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Old 12-02-2019, 06:03 AM
 
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Does anyone have a good historical grasp on why non-slave owning soldiers fought for the South. What were some of the contemporaneous accounts given other than to protect the institution of slavery? Given that poor whites seemed to be one or two rungs above the slaves on this social ladder why did they fight? I know compulsion was one reason but you would think that being 'free' would allow them to move on.

As a side note I was thinking of this when listening to a lecture on a book called - "White Trash: The 400 Year History of Class in America"

Very interesting lecture - if interested:


https://www.youtube.com/watch?v=_cPII2l-K4s
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Old 12-02-2019, 07:28 AM
 
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The Confederacy did use the draft, but there were a great many soldiers who volunteered. One reason that the Southern common man fought: the war crimes of Sherman, Sheridan, et al. I had an ancestor who lived in North Carolina during the war. As Sherman's soldiers passed through her area, they destroyed her house and her crops. Afterwards, without the compassion of neighbors, she and her children would have starved.
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Old 12-02-2019, 07:59 AM
 
Location: bold new city of the south
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Quote:
Originally Posted by TedF0ster View Post
The Confederacy did use the draft, but there were a great many soldiers who volunteered. One reason that the Southern common man fought: the war crimes of Sherman, Sheridan, et al. I had an ancestor who lived in North Carolina during the war. As Sherman's soldiers passed through her area, they destroyed her house and her crops. Afterwards, without the compassion of neighbors, she and her children would have starved.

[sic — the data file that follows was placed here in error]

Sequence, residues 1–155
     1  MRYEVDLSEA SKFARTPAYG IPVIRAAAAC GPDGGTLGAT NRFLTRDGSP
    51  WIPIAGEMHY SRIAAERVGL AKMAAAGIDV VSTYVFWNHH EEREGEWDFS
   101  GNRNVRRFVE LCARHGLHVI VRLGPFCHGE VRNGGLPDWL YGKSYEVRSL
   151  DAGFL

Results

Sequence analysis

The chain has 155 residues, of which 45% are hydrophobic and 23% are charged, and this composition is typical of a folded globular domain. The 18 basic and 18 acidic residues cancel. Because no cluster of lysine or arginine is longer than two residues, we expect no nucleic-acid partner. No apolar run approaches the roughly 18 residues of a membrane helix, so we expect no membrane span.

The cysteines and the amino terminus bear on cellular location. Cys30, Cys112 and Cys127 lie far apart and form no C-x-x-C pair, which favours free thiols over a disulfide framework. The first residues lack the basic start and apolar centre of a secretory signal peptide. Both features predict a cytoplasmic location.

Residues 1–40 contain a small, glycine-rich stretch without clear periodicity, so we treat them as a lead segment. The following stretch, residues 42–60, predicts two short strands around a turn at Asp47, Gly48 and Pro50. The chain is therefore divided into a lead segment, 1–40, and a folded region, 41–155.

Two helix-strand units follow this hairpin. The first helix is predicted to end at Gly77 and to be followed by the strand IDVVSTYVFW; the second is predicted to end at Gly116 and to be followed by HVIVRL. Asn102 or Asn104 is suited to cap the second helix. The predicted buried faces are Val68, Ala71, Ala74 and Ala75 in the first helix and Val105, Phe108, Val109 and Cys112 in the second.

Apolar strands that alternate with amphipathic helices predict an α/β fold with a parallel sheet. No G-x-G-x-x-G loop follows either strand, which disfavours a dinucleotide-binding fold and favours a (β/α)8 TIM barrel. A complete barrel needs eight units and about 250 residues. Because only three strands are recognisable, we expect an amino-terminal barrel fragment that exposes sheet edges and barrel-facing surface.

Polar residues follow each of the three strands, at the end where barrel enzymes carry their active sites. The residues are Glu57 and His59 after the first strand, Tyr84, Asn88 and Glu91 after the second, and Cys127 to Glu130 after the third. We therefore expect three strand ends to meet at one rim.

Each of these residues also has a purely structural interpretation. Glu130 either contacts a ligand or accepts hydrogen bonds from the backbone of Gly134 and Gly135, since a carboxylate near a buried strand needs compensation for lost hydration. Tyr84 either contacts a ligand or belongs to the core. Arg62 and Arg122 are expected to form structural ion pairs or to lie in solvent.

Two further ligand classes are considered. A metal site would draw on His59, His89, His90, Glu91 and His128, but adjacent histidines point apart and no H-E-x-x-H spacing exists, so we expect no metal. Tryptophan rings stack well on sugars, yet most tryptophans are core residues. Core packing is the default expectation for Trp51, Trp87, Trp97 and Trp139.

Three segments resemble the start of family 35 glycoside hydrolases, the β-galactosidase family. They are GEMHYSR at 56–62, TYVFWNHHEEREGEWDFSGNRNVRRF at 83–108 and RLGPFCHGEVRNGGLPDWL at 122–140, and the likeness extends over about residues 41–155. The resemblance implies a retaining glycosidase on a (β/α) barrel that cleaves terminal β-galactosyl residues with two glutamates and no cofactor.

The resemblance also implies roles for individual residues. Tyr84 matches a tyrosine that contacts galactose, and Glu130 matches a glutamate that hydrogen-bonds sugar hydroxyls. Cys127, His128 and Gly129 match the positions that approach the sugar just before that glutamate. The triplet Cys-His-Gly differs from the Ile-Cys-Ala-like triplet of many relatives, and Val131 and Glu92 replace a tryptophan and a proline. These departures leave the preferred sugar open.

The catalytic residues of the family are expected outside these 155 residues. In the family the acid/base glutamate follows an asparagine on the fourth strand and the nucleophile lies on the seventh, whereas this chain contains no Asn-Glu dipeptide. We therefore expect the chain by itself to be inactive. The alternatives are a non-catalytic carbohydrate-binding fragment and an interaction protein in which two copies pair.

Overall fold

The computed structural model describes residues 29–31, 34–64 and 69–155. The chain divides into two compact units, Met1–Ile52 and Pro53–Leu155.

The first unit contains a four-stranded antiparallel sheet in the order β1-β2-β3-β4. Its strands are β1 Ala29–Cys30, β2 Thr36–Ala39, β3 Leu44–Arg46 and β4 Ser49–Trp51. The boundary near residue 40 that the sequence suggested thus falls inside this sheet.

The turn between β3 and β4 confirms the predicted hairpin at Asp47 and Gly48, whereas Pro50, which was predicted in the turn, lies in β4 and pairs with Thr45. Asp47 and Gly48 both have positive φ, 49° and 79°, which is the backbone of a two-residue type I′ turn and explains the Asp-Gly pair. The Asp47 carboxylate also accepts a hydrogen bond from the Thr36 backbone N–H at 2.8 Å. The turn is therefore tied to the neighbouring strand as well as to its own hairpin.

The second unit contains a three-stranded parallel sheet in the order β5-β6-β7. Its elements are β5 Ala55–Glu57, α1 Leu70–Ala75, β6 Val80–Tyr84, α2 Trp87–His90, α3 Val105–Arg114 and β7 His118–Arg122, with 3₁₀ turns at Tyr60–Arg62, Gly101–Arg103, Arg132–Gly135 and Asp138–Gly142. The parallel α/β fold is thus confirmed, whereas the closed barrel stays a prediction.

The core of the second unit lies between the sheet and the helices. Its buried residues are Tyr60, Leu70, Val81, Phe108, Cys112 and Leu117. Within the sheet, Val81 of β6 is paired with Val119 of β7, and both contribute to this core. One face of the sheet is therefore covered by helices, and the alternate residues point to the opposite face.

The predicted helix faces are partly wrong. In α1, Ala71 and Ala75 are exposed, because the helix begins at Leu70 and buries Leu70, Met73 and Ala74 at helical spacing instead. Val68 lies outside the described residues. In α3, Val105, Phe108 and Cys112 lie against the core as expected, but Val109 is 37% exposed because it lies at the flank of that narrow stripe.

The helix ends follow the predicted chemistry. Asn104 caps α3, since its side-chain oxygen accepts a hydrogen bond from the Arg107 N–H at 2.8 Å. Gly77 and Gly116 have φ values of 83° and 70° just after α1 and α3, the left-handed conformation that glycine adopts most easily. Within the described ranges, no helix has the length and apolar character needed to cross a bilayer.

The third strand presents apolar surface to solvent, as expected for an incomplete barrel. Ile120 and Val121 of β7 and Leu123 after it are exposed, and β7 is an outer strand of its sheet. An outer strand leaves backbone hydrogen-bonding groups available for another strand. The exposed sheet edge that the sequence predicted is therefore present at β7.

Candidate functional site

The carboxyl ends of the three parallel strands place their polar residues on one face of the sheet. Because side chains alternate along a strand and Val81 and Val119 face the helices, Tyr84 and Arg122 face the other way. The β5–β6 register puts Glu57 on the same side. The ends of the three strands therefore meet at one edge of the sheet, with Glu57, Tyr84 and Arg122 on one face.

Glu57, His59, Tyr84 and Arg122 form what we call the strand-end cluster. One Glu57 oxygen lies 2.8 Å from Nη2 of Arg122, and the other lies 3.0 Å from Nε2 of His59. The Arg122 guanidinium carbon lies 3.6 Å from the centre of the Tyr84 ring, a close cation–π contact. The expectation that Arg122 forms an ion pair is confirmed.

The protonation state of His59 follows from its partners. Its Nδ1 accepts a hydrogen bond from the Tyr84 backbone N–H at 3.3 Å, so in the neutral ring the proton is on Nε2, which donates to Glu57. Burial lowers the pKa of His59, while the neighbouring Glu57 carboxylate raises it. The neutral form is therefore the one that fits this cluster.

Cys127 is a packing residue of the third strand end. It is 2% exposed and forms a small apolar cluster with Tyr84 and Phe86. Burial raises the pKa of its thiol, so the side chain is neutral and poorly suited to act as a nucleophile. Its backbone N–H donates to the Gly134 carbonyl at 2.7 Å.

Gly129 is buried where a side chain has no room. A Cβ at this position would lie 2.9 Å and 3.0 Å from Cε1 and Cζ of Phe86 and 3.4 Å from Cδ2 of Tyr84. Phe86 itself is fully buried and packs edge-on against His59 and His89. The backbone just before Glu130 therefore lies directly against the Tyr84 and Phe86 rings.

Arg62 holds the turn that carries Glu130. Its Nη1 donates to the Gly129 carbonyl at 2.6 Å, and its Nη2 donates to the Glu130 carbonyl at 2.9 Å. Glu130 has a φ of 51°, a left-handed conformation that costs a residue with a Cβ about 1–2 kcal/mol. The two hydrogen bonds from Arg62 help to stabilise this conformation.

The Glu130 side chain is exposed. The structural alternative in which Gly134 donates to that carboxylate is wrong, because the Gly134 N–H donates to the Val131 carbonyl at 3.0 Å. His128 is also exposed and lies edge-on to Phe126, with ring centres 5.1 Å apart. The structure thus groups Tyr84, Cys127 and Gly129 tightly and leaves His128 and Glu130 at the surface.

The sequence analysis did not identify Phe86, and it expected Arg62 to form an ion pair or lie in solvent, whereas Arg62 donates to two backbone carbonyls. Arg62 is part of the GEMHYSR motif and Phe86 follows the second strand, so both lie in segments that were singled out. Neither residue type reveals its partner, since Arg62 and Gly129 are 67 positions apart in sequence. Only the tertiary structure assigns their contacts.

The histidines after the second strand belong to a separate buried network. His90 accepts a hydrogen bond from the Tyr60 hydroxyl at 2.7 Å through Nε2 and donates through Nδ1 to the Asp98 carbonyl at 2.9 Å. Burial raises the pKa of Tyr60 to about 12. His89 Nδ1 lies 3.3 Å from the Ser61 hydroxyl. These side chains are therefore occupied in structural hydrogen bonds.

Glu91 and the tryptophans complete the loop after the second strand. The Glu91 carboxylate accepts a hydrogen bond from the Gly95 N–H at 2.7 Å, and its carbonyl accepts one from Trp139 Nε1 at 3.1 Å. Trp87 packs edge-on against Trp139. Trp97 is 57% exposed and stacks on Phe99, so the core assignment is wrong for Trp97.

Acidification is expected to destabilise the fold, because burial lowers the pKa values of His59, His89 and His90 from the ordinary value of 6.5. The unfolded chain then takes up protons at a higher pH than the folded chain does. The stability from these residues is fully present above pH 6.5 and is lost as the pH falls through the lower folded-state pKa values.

My ancestors came from Florida and Georgia. Like most Southerners, we owned no slaves, we attacked no one, we fought to repel invading armies.
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Old 12-02-2019, 08:30 AM
 
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I've read that approximately 30% of southern families owned slaves, pre Civil War.
So that would be a reason for Southerners fighting.


Another reason, psychologically, the poor Whites were a rung up in the social hierarchy from slaves.
If slaves were freed, then the Blacks would be on the same social level in comparison to poor Whites.
This may sound far fetched to our 21st century mind, but I think it might have been a big motivator for
Confederacy recruiting. We see modern poor people who are in favor of policies that are against their own best interests ( right to work, Medicare for all, ....), so it's not a leap to assume that in 1860, poor Whites could be motivated to fight to maintain the institution of slavery.
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Old 12-02-2019, 08:32 AM
 
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Its really very easy.

Most of the Civil War was fought in southern states on southern territory.

I suspect most southerners felt the yankees were simply foreign invaders that needed to be repelled. In short, many southern soldiers were fighting to preserve their homes and their farms in the same way that Russians fought to preserve their homes from invading Germans in World War II. So, slavery did not directly enter into it for a very large number of confederate soldiers.

Add into this that the behavior of many northern soldiers left much to be desired. Its one thing to follow orders and march into someone's territory. Its another thing to systematically loot their farms and take all their food and personal possessions because a war is going on. Much of the destruction was unnecessary and totally capricious. Why kill all of a farmer's hogs and cattle when you already have enough food to meet the needs of your army? Why take his silverware and china when such acts do not aid the war effort? Much of the bitterness that followed the Civil War did not result from the Union Army marching into southern states. It resulted from wanton and unnecessary acts of theft, looting, and destruction that took place during the march south. Sherman's March through Georgia was one example of something that did not need to occur. It had little to no military value.

It was simply done to punish people who had sided with the Confederacy during the war.
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Old 12-02-2019, 08:37 AM